73, Gary
K9DJT

8
General Discussion / Re: Baofeng UV-82X HT links
« on: June 26, 2014, 09:34:05 AM »
I really want to thank Tom for providing the links.  I don't have a programing cable yet, so at this point I found the first miklor.com link he posted to be the most helpful.  It provides the main stuff we'd be looking for in a manual...unlike the one which comes with the radio.

Had a QSO with N9LAD and K9QLP this morning on 220 Mhz and received good reports.

73, Gary

9
General Discussion / Re: Baofeng UV-82X HT links
« on: June 25, 2014, 08:04:21 PM »
Just received mine today.  Set it up on 220 but was not sure on the negative offset. As Tom posted, it's 1.6 MHz! Thank you to Jerry for replying on 97. Had trouble believing it was that large. Anyway, I was able to pull the machine up.

73, Gary
K9DJT


73, Gary

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10
Swag (Hats/Jackets) / Re: New Items Available!!!
« on: June 07, 2014, 06:03:49 AM »
Hi Tom,

The polo is a 60% cotton/40% polyester blend. The wind shirt is 100% polyester.  No wool! ;-)


73, Gary

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11
Test Equipment / Ohmmeter and Insulation Testing
« on: June 06, 2014, 11:23:47 AM »
Last month I presented the idea of diagnosing electrical problems by measuring, or should I say looking for voltage drops in unlikely places, e.g., simple components such switches, connectors, lugs, terminals and wires.  One might ask why I wouldn’t recommend using the ohmmeter in the DMM (Digital Multimeter).  The main reason is that a higher energy component, whatever it might be, is not being stressed by the ohmmeter in contrast to being under a full load or operational stress.  So when would I use an ohmmeter?  I only use it for very simple, extremely low voltage and/or signal carrying connections.  The best example I can think of would be a mic cable, connector combination.  Basically from one pin or wire to the other end of the wire/connector.  When doing so, I would normally use alligator clips on the test leads so I am able to use both hands and flex the cable at both ends while looking for an intermittent open or short.  It’s a great measurement for such things.  Could I use it to measure the contact resistance of a relay?  Yup!  It would be perfect for antenna relay…you’re not going to look for a voltage there as you might on a DC circuit.  What you need to remember though, is to take the test lead resistance in consideration with the measurement.  A good set of test leads when shorted together should read anywhere from .1 to .5 ohms max.  You can mentally subtract that from your test measurement, or use the “Delta” feature I explained in a previous article, which will cause the meter to display the difference of the first measurement to the second.
OK, let’s say you want to check a transformer or choke in that old radio you just bought at Dayton before turning it on.  It isn’t that you don’t appreciate the adrenaline rush with a smoking transformer, but prefer not stinking up the whole house with the smell.  What you really want to do is measure the resistance of the insulation of the wire used in the transformer.  So, is this a place to use the ohmmeter?  Yes and No…meaning you would be able to detect a direct short to the transformer housing…maybe.  Think of what type of stress a standard ohmmeter places on that winding.  If it isn’t an old analog Simpson, it’s less than a volt and a half.  Do you think that is even close enough to detecting a failure in a questionable winding?   You’re right, it isn’t!  We need to stress this thing with some real voltage to see if the insulation has any leakage or will actually break down.  Hence, the “Insulation Tester” which is aka “Megger”.  Basically, an Insulation Tester is an ohmmeter which uses a very large voltage, i.e., up to 5,000 VDC, but a low current which is limited to about 2 mA.  It has selectable  voltage ranges and will detect leakage between windings and/or the housing.  The display reading is typically in the meg ohm range.  You normally will test a winding at twice its operating voltage, e.g., 480 VAC would be tested at 1000 VDC and a good winding would be 1000 ohms per volt.  In this case, 1000V X 1000 ohms = 1 meg ohm or greater.  Any value less than 1 meg would be considered a questionable device.  I just presented the very basic test.  We can make it more complicated in a future article!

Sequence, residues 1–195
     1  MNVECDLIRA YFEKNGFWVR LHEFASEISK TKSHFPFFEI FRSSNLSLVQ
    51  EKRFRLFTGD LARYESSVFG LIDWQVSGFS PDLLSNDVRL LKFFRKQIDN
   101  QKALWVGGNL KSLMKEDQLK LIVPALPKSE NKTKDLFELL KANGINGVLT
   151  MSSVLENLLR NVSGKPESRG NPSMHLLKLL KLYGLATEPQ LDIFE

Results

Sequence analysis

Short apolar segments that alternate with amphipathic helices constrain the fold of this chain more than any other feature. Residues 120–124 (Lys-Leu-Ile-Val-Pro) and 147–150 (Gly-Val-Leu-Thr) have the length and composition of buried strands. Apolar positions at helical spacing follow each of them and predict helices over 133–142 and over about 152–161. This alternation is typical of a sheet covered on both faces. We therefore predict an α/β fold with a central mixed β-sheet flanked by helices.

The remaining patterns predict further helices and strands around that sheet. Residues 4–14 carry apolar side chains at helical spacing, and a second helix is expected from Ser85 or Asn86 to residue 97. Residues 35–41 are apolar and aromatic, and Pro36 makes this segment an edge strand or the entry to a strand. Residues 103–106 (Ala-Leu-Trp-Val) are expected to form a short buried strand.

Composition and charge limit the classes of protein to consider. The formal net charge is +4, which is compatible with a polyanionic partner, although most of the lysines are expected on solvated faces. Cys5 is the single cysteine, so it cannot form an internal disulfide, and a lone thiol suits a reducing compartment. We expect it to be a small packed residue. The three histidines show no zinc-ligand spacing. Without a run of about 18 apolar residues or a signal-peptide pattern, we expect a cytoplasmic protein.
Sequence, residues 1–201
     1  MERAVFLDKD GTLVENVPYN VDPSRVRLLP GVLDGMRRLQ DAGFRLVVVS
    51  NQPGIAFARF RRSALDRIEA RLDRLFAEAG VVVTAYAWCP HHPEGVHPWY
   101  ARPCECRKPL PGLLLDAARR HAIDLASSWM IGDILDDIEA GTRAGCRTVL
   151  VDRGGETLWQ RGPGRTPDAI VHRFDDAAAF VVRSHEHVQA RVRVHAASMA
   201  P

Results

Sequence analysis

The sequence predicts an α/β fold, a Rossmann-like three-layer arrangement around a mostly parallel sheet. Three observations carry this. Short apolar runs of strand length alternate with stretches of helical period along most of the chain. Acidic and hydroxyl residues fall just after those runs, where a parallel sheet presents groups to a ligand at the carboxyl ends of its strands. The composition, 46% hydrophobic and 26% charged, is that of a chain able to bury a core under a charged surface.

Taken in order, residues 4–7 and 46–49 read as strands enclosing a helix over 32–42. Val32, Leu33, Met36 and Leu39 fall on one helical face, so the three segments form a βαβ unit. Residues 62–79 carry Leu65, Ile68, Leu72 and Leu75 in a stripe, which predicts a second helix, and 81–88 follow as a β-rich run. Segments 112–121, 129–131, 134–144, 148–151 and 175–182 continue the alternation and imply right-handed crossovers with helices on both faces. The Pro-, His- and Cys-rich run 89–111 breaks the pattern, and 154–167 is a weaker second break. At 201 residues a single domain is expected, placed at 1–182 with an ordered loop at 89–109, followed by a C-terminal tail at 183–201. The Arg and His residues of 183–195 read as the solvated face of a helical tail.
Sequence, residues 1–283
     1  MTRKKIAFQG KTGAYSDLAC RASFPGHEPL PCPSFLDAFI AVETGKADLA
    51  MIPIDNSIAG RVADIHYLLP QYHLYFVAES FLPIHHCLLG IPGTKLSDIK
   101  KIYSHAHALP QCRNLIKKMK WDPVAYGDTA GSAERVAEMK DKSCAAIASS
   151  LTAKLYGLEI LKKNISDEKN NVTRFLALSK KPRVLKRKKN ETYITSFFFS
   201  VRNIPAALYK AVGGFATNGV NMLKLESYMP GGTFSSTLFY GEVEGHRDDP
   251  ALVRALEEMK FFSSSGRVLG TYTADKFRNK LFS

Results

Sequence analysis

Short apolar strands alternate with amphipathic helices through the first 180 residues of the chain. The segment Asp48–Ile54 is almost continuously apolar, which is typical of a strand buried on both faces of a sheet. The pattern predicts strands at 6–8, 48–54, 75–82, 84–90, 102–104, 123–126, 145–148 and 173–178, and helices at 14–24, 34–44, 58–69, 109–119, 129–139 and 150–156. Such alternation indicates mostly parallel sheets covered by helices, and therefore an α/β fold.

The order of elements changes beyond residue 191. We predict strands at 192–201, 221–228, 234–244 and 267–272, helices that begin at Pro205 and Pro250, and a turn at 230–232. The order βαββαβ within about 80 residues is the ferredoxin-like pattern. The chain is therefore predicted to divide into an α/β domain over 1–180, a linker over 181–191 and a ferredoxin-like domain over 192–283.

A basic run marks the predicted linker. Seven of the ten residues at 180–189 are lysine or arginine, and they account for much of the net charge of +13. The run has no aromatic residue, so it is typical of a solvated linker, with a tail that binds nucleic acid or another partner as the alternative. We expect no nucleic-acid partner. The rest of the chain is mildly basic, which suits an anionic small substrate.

See you on the radio!

73, Gary
K9DJT


12
Swag (Hats/Jackets) / Re: New Items Available!!!
« on: June 06, 2014, 11:17:05 AM »
I managed to get a little better pricing on the new items.  The polo cost is $24 and the wind is $30.  Both of the items I am wearing in the pictures are XL, and I feel the wind shirt is running just a hair smaller than I would like, so you might want to order it one size up.

Hope you like them!

73, Gary
K9DJT

13
DXing / Re: Who does DX?
« on: June 03, 2014, 08:02:13 AM »
Hi Kevin,

Are you familiar with the DX Clusters available on the internet. If not, you need to check them out.  This is only one of many:  http://www.dxwatch.com/dxsd1/dxsd1.php?f=603

73, Gary


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14
Wanted / Re: Wanted: HF rig and tuner
« on: June 03, 2014, 07:51:19 AM »
Hi Kevin,

I have an FT-450 which is in excellent condition except that the antenna tuner no longer works. The tuner could be repaired, or my other consideration would be purchasing a LDG-450 (I think that is the model) which would have a broader tuning range. There is a picture of the radio on my QRZ page cabin location.

73, Gary


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15
Can you draw some kind of sketch of what you have?